Going "Normally" Again

When I was ready for the second stage of my j-pouch surgery (the take-down, or the reversal of the ileostomy), I had serious concerns about entering into surgery again. I felt great! The ileostomy was no big deal! Did I really want to go through another surgery and recovery? But in truth, the second surgery was not anywhere near as intense as the first, and the recovery time was much shorter. I was out of work for only 2 weeks and I had much less need of pain medication. The strangest thing was getting used to the new j-pouch. Yes, I did have to "empty" it several times a day, but that didn't bother me at all. I know many people have a concern about having to go to the bathroom more times after their surgeries than before their surgeries, but in my case that was not going to be an issue. My ulcerative colitis was classified as severe, and even during the recovery from my first surgery I felt better than I did when my colitis was at its worst.

At first my bowel movements through my j-pouch were liquid and, truth be told, painful. They burned. But I learned quickly which foods to avoid: spicy foods, fried foods, too much fat, too much caffeine. I also had lots of other tricks to keep the pain and burning to a minimum: using a barrier cream on my bottom, using wet wipes instead of toilet paper, and eating foods that might thicken up my stool, such as peanut butter or potatoes. My surgeon gave me a few guidelines about these things, but some of it I learned through trial and error, because everyone is different when it comes to diet. It took time for my perianal skin to toughen up and the burning to stop. Once I got my diet under control, my stool started to firm up, and I was in the bathroom less and less. In fact, whenever I see my surgeon he asks how many bowel movements I have a day, and I honestly don't keep track anymore.

Bowel movements for me tend to be noisy, but I have gotten over feeling embarrassed about them. The surgery I had saved my life, although it altered my anatomy forever. If I am very careful with my diet I can have almost-formed stools, but I am often not careful with my diet. I had ulcerative colitis for 10 years, sometimes living on nothing but gelatin and broth, (and during one memorable two-week stretch in the hospital, absolutely nothing, not even water) and now that I am able to eat food, real food, again, I don't want to subject myself to a bland and boring diet. I do have limits -- I would never eat a salad with nuts to be followed by a popcorn chaser -- but I can enjoy many foods today that I would never have considered eating in my ulcerative colitis days.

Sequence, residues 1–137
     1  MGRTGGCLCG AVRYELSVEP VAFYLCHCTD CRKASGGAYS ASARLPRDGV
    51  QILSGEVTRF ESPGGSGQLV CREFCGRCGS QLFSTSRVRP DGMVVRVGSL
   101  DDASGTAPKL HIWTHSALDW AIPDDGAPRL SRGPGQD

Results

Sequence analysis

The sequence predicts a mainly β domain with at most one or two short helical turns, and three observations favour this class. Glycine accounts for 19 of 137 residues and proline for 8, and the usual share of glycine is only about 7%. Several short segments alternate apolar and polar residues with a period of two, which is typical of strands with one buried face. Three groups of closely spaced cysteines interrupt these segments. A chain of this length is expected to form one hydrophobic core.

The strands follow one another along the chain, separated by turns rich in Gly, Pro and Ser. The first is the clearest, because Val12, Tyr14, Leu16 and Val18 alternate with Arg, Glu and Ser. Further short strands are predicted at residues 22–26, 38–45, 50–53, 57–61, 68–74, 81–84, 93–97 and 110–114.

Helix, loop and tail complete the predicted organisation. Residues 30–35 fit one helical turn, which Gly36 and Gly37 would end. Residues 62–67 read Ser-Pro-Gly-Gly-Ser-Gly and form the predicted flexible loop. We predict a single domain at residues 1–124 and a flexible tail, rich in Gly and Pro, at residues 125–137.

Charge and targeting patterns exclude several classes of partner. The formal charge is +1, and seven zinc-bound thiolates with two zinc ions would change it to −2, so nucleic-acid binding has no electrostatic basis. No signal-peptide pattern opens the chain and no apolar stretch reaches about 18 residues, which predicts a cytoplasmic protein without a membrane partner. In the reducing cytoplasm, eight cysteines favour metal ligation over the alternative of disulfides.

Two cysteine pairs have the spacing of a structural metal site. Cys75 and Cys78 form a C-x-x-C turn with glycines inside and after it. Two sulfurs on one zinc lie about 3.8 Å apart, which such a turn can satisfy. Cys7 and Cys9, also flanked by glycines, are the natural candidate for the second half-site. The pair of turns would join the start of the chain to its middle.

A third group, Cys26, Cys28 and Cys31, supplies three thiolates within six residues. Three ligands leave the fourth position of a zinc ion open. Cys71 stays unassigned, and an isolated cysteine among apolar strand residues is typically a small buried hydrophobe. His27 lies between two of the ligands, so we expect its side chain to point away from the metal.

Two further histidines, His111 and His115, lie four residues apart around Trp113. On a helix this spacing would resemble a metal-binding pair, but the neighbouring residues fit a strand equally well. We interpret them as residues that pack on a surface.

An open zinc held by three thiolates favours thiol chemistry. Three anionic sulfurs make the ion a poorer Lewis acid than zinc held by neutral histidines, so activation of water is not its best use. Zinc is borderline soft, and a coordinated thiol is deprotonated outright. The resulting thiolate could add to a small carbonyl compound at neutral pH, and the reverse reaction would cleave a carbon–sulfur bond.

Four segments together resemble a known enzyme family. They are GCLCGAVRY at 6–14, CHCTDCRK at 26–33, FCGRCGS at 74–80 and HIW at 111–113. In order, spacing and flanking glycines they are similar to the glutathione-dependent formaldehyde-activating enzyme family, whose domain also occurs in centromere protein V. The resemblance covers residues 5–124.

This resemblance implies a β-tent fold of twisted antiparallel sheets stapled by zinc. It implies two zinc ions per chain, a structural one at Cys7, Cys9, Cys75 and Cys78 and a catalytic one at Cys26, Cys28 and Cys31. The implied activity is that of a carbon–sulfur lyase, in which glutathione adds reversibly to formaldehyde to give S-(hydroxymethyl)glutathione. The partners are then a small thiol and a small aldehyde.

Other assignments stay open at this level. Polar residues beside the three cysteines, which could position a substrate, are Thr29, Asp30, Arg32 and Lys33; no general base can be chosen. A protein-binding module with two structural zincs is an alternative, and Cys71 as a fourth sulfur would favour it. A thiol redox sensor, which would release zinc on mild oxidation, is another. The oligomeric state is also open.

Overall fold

But Is This A "Cure"?

People often speak of j-pouch surgery as being a "cure" for ulcerative colitis. I don't feel as though this is an accurate description. How could the removal of a major organ be considered a "cure"? To me, a cure would be the healing of the intestine and the cessation of symptoms. The future of my j-pouch is still unknown to me. I could be one of those that develop pouchitis: a condition that is not well understood which causes symptoms such as fever and diarrhea. Pouchitis is often treated with probiotics and antibiotics, but it also tends to recur. My surgeon is also uncertain if I am still to be free of potential complications such as blockages or even the extra-intestinal conditions that can go hand-in-hand with inflammatory bowel disease (IBD) such as arthritis.

Epilogue

I know my road from ulcerative colitis to j-pouch has been an extraordinarily easy one. This I attribute to the skill of my surgical team, but also to my willingness to follow my surgeon's instructions to the letter. I have met many others who are also happy with their pouches, but I have also met some who have lost their pouches to recurrent pouchitis, or because what was diagnosed as ulcerative colitis was ultimately determined to be actually Crohn's disease. I have known still others who experienced post-operative complications such as infections. Some women with j-pouches find their fertility affected. It's almost impossible to know how surgery will affect any one particular person, but in my case, everything has turned out for the better.